By Matt McIlnay
Horror as a film genre is dead. That might seem like a gross exaggeration considering how many horror films get released each year, but let me explain. Horror has never been particularly known for its quality, but the last decade or so has seen the genre crumble even further under an onslaught of passing fads and abysmal writing and acting. At the moment, the genre has a grim future and will continue to deteriorate if it can’t find a way to reinvent itself.
Schlock like The Texas Chainsaw Massacre 3D and VHS gets released on a regular basis, but innovative and exciting horror films are rare at best. As a result, even generic and forgettable films such as Mama or Carrie are praised by horror fans based solely upon the merit of not being utterly terrible. What would be considered painfully mediocre in any other genre is praised by fans who have been forced to lower their standards after years of poorly done remakes and endless series.
The saddest part is that the genre can do so much more when given the chance. Although horror is traditionally looked down upon as trash, the genre has birthed a variety of wildly inventive and critically acclaimed films across its history. Films such as The Others and The Mist have gone beyond just being good for horror films—they were accomplished pieces of filmmaking by any standard. Sadly, very few horror films come even close to those levels.
Is Hollywood itself to blame? In some ways, yes. Thanks to shoe-string budgets and a general disdain for the genre, it is difficult for horror films to acquire talented actors, directors, or writers. Even worse, the screenwriting process appears to involve picking a subgenre (be it ghost story, slasher film, or even home invasion) and then following an exhaustive checklist of clichés. Nowhere is this seen more than in the ghost story and haunted house subgenres, which have become so standardized that it’s possible to guess most of the twists just by reading the premise.
However, as easy as it is to shake one’s fist at Hollywood for their apparent disregard for quality, it is also important to remember who pays for these films at the end of the day. Despite the appalling standards of writing and acting in these films, audiences are still supporting them to the tune of hundreds of millions in box office receipts. Why on earth would a studio want to invest in original films when they could spend practically pennies slamming together yet another Paranormal Activity sequel and pocket a cool $200 million? If the public puts their dollars behind endless sequels and homogenized horror films, then the industry will gladly follow—which is precisely what landed the genre in its current predicament.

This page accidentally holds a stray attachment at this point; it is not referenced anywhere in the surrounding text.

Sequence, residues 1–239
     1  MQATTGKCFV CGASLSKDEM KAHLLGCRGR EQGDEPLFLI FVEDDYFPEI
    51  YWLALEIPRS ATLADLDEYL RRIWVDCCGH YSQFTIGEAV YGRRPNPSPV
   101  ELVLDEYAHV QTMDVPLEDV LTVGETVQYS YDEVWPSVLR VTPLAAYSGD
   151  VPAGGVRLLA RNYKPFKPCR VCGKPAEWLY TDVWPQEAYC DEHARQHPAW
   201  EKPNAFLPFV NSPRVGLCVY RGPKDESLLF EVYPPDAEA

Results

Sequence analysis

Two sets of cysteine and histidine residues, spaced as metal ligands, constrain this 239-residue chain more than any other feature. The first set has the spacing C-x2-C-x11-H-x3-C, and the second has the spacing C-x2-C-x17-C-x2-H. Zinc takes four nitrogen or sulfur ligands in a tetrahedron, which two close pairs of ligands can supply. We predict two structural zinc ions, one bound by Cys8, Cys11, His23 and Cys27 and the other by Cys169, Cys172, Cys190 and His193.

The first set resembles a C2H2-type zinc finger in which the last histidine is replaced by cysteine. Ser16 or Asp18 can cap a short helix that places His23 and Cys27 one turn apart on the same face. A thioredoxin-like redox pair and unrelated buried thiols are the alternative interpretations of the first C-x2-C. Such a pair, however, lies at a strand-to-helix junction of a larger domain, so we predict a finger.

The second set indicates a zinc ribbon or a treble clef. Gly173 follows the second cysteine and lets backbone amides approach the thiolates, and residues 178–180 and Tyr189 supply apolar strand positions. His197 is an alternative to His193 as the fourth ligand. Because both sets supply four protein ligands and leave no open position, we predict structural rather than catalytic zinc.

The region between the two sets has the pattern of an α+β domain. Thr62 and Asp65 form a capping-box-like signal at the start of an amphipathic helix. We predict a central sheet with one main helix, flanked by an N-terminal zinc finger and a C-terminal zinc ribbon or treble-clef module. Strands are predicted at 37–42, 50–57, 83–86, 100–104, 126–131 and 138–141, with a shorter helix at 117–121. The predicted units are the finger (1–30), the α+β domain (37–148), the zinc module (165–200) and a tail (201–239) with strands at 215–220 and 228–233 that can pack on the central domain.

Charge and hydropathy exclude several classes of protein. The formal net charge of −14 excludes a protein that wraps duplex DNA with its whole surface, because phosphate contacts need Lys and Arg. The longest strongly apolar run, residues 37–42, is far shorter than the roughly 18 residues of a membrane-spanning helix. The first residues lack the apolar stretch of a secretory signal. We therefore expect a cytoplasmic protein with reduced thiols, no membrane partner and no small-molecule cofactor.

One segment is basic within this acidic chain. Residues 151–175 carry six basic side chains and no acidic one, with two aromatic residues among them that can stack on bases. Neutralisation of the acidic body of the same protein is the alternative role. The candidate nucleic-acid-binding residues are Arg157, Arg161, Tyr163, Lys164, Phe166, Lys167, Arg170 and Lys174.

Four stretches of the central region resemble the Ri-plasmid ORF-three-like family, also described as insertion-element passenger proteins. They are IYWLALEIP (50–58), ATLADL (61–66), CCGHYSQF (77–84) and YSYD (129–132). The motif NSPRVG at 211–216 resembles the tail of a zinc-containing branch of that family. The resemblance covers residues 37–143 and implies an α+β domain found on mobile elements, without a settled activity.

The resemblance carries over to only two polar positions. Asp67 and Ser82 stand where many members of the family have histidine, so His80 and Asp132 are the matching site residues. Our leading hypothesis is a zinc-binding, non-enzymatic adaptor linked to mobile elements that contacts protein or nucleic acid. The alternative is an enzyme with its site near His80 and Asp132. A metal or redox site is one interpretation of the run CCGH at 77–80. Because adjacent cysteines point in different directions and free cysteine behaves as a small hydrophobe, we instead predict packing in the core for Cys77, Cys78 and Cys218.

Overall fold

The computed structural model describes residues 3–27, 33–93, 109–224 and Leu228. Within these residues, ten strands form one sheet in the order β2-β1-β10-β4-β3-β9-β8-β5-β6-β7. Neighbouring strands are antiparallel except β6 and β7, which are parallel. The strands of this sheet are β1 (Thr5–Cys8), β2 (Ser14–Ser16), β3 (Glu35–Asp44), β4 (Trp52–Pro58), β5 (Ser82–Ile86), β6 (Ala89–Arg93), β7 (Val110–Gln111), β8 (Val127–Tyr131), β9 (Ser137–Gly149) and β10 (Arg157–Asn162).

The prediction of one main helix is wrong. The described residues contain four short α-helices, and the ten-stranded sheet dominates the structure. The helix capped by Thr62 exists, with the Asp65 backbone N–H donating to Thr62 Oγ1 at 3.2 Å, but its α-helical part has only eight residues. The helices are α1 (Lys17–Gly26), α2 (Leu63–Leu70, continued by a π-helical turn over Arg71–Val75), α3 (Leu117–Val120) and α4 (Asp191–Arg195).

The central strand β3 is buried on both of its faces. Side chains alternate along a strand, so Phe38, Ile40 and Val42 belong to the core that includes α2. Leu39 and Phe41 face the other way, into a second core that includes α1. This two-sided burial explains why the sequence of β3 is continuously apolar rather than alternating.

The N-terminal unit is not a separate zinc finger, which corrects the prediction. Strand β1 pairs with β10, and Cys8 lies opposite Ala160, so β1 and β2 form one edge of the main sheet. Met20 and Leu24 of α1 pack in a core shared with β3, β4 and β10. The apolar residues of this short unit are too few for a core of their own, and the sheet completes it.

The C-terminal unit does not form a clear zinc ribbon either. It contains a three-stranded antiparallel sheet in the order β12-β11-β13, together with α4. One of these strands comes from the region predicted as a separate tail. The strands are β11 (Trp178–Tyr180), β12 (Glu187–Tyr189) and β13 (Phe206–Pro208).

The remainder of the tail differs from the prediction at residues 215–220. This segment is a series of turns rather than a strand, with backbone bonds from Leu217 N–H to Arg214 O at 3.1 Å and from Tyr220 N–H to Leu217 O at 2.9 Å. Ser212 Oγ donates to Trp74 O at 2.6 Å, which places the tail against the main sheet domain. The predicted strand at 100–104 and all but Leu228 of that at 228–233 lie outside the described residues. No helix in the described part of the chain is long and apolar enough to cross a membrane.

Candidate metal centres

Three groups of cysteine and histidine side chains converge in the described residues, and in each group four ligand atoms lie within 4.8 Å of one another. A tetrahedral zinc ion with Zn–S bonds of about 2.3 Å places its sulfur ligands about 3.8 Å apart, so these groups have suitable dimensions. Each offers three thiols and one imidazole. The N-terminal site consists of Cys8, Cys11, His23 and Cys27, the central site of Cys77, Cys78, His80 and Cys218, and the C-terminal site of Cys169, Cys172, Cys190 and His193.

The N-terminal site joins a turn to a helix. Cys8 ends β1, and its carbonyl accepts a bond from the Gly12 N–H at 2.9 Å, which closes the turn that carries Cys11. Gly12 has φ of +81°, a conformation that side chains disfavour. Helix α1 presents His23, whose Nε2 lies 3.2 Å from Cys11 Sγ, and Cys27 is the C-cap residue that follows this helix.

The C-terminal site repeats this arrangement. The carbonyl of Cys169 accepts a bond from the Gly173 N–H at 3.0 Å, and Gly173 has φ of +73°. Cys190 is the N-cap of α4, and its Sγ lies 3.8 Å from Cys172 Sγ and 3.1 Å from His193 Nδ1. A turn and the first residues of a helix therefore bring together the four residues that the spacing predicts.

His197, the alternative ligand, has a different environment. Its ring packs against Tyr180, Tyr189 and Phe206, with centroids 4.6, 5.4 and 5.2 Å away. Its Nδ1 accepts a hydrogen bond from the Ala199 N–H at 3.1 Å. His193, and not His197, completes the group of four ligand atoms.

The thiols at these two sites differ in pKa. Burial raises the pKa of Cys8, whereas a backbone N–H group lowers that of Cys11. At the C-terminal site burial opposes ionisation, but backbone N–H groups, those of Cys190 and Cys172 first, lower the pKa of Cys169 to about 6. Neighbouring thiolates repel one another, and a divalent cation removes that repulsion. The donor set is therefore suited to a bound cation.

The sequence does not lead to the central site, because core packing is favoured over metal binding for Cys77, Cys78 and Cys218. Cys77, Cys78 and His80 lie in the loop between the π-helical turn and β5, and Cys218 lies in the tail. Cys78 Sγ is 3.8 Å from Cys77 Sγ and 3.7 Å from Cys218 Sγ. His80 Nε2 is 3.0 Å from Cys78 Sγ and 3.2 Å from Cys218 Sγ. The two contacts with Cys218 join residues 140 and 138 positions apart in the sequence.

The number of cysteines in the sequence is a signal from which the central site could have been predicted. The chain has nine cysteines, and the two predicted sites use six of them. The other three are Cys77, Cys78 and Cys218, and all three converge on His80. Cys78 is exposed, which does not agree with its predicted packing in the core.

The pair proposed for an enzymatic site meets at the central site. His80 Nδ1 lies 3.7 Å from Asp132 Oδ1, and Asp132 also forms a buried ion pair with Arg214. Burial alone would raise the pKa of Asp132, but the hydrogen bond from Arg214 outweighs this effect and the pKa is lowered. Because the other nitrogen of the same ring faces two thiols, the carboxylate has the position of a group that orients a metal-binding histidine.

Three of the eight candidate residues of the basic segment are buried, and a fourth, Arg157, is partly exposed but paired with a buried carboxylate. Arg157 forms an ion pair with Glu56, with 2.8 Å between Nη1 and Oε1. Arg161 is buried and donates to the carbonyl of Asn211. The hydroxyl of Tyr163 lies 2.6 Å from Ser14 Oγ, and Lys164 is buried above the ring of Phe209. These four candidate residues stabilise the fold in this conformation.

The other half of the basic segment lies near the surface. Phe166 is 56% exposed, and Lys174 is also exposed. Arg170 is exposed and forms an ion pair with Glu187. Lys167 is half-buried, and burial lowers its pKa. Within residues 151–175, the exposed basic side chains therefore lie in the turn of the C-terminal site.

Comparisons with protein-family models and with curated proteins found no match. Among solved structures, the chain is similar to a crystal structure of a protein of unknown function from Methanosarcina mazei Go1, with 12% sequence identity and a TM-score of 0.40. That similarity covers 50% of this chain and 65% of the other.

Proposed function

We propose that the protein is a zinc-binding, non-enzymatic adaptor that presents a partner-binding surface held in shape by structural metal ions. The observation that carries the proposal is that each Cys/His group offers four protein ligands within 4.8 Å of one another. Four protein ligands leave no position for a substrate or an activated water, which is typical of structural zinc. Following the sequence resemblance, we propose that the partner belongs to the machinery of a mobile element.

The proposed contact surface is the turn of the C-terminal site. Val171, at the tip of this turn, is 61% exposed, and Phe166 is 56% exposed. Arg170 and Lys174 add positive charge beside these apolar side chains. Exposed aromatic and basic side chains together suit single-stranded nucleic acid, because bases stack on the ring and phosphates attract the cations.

The other and more difficult path is for audiences to become more discerning when picking horror films to watch. Instead of buying tickets to Chucky VII and the latest “something terrible happened here a long time ago…” haunted house film, film-goers should save their money for films with a little more quality, such as The Conjuring and Sinister. Although neither of those examples are particularly original, they both are well-made and represent a step in the right direction for the genre. If audiences demonstrate that they desire well-made and creative horror films and won’t accept anything less, the studios will eventually be forced to adapt.
If audiences will raise their standards and start supporting better horror films, then perhaps the genre will one day realize its full potential. Potentially superb films like At The Mountains of Madness won’t languish in development hell for years because of studio fears over marketability. Horror could expand into more creative subgenres such as surreal horror (Jacobs Ladder) or even cosmic horror (In The Mouth of Madness). Perhaps one day horror films will be able to stand head-to-head with the best of other genres, but it all rests on us horror fans making wise decisions on which movies we support with our ticket money.